This one is all too common. When kids develop a deep emotional connection with someone – an emotion they haven’t quite figured out how to navigate and deal with yet – sometimes jealousy and mistrust sets in. While an occasional amount of suspicion or mistrust might find its way into any young relationship, when it points toward extreme it may be time to hang up the towel. If your child has reached the point where they’d rather not deal with the wrath of their boyfriend or girlfriend when they hang with or talk to kids of the opposite sex so they end up avoiding it altogether, the relationship has simply turned unhealthy. In a healthy relationship, your child should have the freedom to hang out with friends (regardless of their sex) without having to explain themselves at every turn or deal with jealous interrogations.
They Throw Out Constant “Cheating” Accusations Every Time They’re Not Together
Fueled by feelings of insecurity and a lack of trust, constant untrue accusations that your son or daughter is cheating on their boyfriend or girlfriend can be a serious red flag that the relationship is on seriously shaky ground. If your son or daughter is being continually and falsely blamed of being unfaithful or cheating every time they spend time away from their boyfriend or girlfriend, it’s not only emotionally draining as they fight to defend themselves and attempt to establish some level of trust in the relationship, it can take a toll on their self-esteem and confidence – time to walk away.
Trying to Control Who Your Child Hangs Out With Because They “Don’t Like Them”
In healthy, normal relationships there’s a generous amount of give and take, acceptance, understanding, and consideration for the other person’s like and dislikes. If your child’s boyfriend or girlfriend is trying to control or dictate who your child spends time with outside of the relationship because they “don’t like them,” it’s a sign that shouldn’t be ignored. Your child should have total freedom to choose their own friends, hang with whomever they choose and reach out to make new friends without the fear of being manipulated, controlled or influenced by their boyfriend or girlfriend.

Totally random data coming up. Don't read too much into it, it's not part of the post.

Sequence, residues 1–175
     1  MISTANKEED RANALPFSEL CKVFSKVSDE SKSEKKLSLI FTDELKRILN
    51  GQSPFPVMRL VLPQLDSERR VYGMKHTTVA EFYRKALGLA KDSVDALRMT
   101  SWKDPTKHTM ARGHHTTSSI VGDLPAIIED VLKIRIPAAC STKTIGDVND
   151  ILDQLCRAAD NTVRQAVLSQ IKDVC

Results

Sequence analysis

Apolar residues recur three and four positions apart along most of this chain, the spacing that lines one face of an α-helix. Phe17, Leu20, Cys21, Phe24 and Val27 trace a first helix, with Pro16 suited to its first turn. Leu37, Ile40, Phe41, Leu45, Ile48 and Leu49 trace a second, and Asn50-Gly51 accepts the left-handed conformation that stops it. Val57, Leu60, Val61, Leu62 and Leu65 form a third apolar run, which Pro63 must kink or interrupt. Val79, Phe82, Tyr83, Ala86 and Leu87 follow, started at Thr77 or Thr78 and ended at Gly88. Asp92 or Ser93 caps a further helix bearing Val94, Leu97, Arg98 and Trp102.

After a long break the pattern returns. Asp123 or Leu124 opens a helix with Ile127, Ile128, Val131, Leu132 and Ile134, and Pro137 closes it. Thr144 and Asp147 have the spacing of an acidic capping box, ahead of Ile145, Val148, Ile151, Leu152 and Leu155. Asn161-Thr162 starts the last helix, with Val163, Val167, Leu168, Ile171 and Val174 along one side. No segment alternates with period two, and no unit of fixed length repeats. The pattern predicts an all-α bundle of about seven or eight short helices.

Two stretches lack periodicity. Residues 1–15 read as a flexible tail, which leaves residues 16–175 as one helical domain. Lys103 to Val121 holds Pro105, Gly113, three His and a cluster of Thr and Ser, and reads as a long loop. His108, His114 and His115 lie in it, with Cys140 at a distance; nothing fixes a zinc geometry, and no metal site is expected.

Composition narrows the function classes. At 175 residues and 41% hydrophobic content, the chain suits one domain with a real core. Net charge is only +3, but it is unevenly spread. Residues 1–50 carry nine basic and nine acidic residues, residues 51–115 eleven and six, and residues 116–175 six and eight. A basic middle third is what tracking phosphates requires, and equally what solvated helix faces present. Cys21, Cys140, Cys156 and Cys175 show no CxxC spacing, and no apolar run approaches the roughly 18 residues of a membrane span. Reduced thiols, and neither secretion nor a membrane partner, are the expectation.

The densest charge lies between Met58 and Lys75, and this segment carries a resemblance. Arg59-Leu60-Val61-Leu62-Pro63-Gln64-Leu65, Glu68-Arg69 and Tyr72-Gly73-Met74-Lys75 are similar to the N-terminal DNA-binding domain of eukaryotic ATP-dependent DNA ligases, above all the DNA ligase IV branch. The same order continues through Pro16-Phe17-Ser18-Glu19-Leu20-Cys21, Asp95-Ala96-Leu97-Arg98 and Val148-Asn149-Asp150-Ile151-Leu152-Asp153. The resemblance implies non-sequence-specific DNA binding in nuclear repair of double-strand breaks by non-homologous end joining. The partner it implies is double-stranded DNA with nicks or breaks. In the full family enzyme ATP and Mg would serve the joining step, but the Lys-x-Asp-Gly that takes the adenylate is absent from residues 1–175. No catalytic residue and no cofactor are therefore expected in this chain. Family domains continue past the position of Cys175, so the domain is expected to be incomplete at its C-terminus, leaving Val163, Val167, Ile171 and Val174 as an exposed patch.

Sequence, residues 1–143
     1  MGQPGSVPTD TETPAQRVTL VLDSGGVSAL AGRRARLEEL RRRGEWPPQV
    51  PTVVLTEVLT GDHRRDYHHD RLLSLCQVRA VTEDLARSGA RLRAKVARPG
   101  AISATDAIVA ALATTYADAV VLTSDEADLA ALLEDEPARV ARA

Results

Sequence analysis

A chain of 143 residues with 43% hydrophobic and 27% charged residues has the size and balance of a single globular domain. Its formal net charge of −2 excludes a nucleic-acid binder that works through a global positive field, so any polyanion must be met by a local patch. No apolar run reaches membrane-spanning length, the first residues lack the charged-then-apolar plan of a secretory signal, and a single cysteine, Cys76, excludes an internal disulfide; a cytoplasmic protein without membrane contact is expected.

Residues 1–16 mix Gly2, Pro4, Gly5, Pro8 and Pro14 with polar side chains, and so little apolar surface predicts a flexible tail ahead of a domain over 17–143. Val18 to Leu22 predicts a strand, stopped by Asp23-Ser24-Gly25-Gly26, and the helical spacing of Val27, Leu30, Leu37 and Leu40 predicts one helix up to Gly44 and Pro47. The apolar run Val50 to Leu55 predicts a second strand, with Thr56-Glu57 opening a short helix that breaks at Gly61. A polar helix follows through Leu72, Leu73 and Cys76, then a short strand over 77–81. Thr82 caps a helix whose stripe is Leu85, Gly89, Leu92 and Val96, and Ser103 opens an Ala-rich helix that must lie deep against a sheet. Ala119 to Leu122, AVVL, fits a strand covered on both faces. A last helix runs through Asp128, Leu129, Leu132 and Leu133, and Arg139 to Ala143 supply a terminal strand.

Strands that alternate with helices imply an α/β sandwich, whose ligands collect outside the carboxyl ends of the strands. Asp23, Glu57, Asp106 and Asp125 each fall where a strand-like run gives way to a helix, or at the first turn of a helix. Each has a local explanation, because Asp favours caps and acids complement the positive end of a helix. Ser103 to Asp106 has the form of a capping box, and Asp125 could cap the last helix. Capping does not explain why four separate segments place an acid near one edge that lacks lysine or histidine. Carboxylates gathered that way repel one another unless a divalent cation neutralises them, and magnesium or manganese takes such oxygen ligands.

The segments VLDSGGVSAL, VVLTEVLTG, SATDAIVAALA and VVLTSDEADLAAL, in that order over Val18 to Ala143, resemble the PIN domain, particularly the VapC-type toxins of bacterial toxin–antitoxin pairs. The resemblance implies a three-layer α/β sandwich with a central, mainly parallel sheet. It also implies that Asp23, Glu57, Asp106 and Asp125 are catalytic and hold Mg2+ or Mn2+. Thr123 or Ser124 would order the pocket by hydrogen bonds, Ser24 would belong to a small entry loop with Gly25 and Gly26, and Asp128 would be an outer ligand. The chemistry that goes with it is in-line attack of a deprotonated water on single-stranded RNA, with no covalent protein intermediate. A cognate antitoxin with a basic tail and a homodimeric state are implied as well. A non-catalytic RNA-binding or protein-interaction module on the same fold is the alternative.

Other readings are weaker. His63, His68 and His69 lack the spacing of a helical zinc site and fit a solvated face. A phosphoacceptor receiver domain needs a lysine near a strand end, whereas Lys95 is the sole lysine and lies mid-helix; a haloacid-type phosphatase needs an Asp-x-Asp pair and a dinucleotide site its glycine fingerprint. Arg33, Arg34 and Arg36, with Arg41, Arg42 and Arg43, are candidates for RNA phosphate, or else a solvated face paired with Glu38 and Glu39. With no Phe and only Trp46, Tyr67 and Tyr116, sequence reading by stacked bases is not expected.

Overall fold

Tracking Your Son or Daughter’s Every Move and Checking in Incessantly
In every relationship, time apart is healthy and normal. In unhealthy, toxic relationships, time apart is often met with suspicion and skepticism. If your son or daughter’s boyfriend of girlfriend tracks their every move via GPS, checks in incessantly to see what they’re doing and who they’re with and blows up their phone when they don’t text them back in five minutes, it’s a tell-tale sign that the relationship is on unsteady, unhealthy ground.
Invading Your Child’s Privacy by Going Through Their Phone Texts and Emails
Self-doubt is fairly common in young relationships, but when your child’s boyfriend or girlfriend starts snooping around and demanding to read your child’s emails and texts just to see who they’re talking with and what’s being said, it’s no longer curiosity, it’s an invasion of privacy mixed with a total lack of trust. A serious conversation is in order to lay down the ground rules of the relationship and, if that doesn’t work, it’s time to move on to brighter pastures.
Demanding Access to Your Child’s Phone Password
Along with snooping on your child’s phone to read texts and emails, if your child’s boyfriend or girlfriend is demanding full access to your child’s phone complete with password – thinking they must be hiding something if they don’t – there’s reason for concern. Healthy relationships are based on trust. When trust doesn’t exist and your child is being bombarded with accusations and demands triggered by intense uncertainty, it’s time to walk away.
According to Psychology Today, early romantic experiences can leave a lasting imprint on who we are and even who we fall for later in life, which is why we need to stay attuned to what our child is experiencing in their young relationships. Of course, this doesn’t mean we should control or hover over our kids or their relationships, it simply means we should be vigilant in helping them avoid relationships that can negatively impact them and their outlook on future relationships.
Sometimes, a non-judgmental listening ear is all our kids need to get the conversation going. Once we prove to our kids that we’re capable of listening without overreacting, we’ll open the door to future conversation and improve our chances of being able to guide them and their future decisions.